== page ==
The EU’s fiscal framework, the Stability and Growth Pact (SGP), is a complicated system of fiscal rules. Rather than trying to assess the virtues and failures of the SGP, this blogpost aims at understanding its complex rules through the lens of the draft budget plans of France and Italy. France is in the corrective arm of the SGP, while Italy is now in the preventive arm, which allows the examination of various SGP requirements, such as the
structural balance pillar,
expenditure balance pillar,
and the debt criterion
which apply to countries in the preventive arm (like Italy), and the
headline budget deficit criterion,
the structural balance criterion,
and the cumulative structural balance criterion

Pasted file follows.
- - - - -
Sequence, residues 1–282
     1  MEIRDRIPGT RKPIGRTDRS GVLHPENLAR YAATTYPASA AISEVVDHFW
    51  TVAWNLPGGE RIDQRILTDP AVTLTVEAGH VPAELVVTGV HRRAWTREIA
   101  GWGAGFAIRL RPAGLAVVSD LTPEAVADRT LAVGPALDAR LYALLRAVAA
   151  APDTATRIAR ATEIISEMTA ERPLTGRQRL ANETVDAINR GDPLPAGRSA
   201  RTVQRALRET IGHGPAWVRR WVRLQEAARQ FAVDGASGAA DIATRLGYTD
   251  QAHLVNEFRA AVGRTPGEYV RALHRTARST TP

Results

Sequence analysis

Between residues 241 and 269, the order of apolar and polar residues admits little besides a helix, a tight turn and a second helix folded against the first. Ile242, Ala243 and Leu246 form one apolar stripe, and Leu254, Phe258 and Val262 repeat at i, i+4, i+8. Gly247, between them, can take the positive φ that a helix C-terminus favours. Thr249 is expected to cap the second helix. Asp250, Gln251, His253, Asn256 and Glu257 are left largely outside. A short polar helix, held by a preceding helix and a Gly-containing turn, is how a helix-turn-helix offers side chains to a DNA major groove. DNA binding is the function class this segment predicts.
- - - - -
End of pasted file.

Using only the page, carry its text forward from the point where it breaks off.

which apply to countries in the corrective arm (like France). We also discuss the rules regarding financial sanctions.
On 28 November 2014, the European Commission released its opinions on the euro area Member States’ Draft Budgetary Plans for 2015. The purpose of these opinions is to assess each country’s compliance with the SGP, and to recommend appropriate action if there are risks of non-compliance.
Both Italy and France are “at risk of non-compliance with the provisions of the Stability and Growth Pact”
One of the surprises was that, in the case of Italy and France (as well as Belgium), the Commission decided to postpone its recommendations until March 2015, “in the light of the finalisation of the budget laws and the expected specification of the structural reform programmes announced by the authorities“. Both Italy and France are “at risk of non-compliance with the provisions of the Stability and Growth Pact”, according to the Commission.